The expulsion from the garden began the dispensation of conscience—a time when man was left to rule himself by his own will and conscience, both of which had been tainted by sin. It was a disaster, and ended in disaster—the worldwide flood (Genesis 3:8—8:22). During this dispensation, man became so wicked that “every intention of the thoughts of his heart was only evil continually” and God regretted making man and was “grieved to his heart” (Genesis 6:5-6). This was also the time when fallen angels married human women and produced giant, evil offspring called Nephilim (Genesis 6:1-4). God chose to end humanity with a flood and begin again with Noah and his family (Genesis 6:11-18).
3. The Dispensation of Human Government
The dispensation of human government began just after the flood. God made promises and gave commands to Noah and his family. God promised not to curse the earth again, and never to flood it again. He commanded Noah and his sons to repopulate the world and scatter across the earth, and He allowed them to use animals for food. God also established the law of capital punishment (Genesis 8:1-9:7). Noah’s descendants failed to “fill the earth” as was commanded, and instead they worked together to build the tower of Babel (Genesis 11:1-9). God countered this action by confusing their languages, creating different nations and cultures that later spread to different areas. This was the beginning of human government.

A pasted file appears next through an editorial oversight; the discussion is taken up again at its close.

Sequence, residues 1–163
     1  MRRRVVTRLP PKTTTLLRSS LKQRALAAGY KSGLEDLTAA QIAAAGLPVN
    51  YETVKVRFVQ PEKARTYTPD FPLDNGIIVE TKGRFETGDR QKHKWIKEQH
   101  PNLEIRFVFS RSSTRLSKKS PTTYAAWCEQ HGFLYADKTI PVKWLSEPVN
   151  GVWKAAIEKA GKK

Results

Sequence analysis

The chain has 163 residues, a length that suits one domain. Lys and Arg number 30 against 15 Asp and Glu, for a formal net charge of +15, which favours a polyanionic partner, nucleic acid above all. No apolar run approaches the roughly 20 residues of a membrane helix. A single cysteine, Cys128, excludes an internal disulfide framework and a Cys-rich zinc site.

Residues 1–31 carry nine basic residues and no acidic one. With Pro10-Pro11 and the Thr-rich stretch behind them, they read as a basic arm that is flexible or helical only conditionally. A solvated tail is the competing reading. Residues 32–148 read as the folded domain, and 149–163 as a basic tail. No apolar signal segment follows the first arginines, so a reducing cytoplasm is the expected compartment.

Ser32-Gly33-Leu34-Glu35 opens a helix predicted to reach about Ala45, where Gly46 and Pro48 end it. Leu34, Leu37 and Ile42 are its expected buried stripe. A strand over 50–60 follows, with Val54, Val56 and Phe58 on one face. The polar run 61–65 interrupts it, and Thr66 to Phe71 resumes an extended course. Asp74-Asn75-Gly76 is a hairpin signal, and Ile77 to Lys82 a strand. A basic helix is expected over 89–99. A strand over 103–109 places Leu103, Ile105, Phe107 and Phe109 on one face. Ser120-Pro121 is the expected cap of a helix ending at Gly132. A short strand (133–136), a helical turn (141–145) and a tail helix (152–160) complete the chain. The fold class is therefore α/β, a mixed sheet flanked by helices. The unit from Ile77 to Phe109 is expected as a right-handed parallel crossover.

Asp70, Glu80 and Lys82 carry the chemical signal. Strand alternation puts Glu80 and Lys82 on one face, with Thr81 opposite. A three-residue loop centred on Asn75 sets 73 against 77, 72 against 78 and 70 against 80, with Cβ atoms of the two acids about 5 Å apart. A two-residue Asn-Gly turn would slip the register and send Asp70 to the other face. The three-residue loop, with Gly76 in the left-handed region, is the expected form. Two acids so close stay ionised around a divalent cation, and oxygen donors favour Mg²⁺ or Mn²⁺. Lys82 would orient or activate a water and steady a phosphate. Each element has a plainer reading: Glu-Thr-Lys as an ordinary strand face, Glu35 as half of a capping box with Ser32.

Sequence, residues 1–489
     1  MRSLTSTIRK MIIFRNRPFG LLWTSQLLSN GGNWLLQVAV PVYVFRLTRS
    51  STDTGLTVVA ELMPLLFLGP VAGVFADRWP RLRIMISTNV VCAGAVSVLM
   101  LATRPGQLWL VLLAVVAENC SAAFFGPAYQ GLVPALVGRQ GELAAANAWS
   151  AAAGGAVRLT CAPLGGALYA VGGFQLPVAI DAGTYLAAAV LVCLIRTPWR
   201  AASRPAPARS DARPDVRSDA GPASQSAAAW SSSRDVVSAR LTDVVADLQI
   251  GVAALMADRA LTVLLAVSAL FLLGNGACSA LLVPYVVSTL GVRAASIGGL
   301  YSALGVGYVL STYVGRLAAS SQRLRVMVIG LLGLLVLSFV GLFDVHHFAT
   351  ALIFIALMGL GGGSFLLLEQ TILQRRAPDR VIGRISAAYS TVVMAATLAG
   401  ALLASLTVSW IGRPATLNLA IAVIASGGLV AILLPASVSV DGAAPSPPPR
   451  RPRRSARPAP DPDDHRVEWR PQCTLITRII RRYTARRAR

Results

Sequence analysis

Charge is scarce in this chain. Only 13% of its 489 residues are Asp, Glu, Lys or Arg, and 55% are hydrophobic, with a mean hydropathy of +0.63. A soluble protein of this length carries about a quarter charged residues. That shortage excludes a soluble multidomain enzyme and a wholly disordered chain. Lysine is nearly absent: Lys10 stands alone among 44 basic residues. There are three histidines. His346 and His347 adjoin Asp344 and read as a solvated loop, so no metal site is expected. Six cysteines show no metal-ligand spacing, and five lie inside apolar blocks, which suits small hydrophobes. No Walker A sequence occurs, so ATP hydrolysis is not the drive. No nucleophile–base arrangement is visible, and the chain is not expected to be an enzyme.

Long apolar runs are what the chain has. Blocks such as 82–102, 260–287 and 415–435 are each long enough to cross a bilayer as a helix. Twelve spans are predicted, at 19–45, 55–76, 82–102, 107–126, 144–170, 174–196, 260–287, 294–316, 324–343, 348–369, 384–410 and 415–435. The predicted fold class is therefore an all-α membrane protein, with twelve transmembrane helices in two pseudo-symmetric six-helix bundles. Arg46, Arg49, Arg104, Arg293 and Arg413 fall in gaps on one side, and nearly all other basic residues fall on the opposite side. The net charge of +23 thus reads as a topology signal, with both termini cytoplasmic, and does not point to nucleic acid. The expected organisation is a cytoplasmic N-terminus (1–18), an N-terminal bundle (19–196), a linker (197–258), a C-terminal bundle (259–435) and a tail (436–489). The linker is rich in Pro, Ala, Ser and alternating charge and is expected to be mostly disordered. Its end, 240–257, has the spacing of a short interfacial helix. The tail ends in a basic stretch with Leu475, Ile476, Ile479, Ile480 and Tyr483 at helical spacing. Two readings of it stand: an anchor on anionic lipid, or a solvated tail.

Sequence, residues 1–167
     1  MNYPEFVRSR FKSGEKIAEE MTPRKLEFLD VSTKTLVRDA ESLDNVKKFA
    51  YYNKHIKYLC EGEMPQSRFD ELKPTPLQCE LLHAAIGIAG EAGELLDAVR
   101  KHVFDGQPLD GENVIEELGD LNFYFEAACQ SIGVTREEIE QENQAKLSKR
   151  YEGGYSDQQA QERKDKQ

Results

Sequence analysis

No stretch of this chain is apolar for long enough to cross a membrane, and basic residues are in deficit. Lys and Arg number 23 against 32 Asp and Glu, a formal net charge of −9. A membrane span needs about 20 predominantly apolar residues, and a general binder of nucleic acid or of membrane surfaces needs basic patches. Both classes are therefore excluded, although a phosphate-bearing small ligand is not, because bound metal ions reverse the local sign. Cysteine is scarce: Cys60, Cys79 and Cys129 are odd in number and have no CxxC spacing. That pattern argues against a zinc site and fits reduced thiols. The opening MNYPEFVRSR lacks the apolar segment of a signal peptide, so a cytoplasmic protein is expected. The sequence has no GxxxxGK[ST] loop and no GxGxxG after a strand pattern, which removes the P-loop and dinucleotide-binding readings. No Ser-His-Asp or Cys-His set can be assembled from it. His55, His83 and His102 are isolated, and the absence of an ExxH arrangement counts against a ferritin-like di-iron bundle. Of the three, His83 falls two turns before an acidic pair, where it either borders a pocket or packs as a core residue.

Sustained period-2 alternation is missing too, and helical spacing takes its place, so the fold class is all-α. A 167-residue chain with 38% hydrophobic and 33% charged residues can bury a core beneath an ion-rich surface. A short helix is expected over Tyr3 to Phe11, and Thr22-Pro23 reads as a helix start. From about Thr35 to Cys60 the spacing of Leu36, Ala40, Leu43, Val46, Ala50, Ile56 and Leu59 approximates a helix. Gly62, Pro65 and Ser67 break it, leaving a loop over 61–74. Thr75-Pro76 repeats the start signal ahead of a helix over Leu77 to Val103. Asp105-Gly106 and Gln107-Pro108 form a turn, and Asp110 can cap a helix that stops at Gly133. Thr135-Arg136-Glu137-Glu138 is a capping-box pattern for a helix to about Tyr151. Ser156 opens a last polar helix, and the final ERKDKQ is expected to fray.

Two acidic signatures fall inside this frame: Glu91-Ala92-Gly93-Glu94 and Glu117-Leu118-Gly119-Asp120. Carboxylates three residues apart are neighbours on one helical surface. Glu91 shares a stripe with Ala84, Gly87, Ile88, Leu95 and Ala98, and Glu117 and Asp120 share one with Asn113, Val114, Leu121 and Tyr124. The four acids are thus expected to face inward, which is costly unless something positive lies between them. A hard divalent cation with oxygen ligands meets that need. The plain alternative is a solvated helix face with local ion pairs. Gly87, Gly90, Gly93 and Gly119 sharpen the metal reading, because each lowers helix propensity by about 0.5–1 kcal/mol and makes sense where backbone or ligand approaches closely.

4. The Dispensation of Promise
The dispensation of human government lasted until the call of Abraham. The call of Abraham, the lives of the patriarchs, and the enslavement of the Jewish people to Egypt all fall under the dispensation of promise. This was the time when Abraham’s descendants waited for the promise that was given to Abraham: that God would make Abraham’s descendants a great nation and give them their own land (Genesis 12:1-7). This dispensation ended with the Exodus of the Jews from Egypt. Once they left Egypt they were officially a nation, led by God into the wilderness toward the Promised Land.
5. The Dispensation of Law